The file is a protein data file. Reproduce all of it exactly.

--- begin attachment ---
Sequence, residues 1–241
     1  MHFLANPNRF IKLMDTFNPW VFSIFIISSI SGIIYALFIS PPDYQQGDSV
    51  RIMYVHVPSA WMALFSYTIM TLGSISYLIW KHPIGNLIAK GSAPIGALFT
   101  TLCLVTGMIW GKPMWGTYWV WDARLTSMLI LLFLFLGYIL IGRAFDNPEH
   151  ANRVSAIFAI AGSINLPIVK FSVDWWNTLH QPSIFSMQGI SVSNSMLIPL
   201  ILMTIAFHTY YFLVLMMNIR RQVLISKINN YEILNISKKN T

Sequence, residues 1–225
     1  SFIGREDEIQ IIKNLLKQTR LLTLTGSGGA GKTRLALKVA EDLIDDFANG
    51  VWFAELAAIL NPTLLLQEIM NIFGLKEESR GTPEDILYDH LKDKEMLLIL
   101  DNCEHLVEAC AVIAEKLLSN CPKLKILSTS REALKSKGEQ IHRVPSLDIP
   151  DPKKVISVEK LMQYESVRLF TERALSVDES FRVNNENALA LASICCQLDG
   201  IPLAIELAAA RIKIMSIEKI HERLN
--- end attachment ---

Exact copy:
Sequence, residues 1–241
     1  MHFLANPNRF IKLMDTFNPW VFSIFIISSI SGIIYALFIS PPDYQQGDSV
    51  RIMYVHVPSA WMALFSYTIM TLGSISYLIW KHPIGNLIAK GSAPIGALFT
   101  TLCLVTGMIW GKPMWGTYWV WDARLTSMLI LLFLFLGYIL IGRAFDNPEH
   151  ANRVSAIFAI AGSINLPIVK FSVDWWNTLH QPSIFSMQGI SVSNSMLIPL
   201  ILMTIAFHTY YFLVLMMNIR RQVLISKINN YEILNISKKN T

Sequence, residues 1–225
     1  SFIGREDEIQ IIKNLLKQTR LLTLTGSGGA GKTRLALKVA EDLIDDFANG
    51  VWFAELAAIL NPTLLLQEIM NIFGLKEESR GTPEDILYDH LKDKEMLLIL
   101  DNCEHLVEAC AVIAEKLLSN CPKLKILSTS REALKSKGEQ IHRVPSLDIP
   151  DPKKVISVEK LMQYESVRLF TERALSVDES FRVNNENALA LASICCQLDG
   201  IPLAIELAAA RIKIMSIEKI HERLN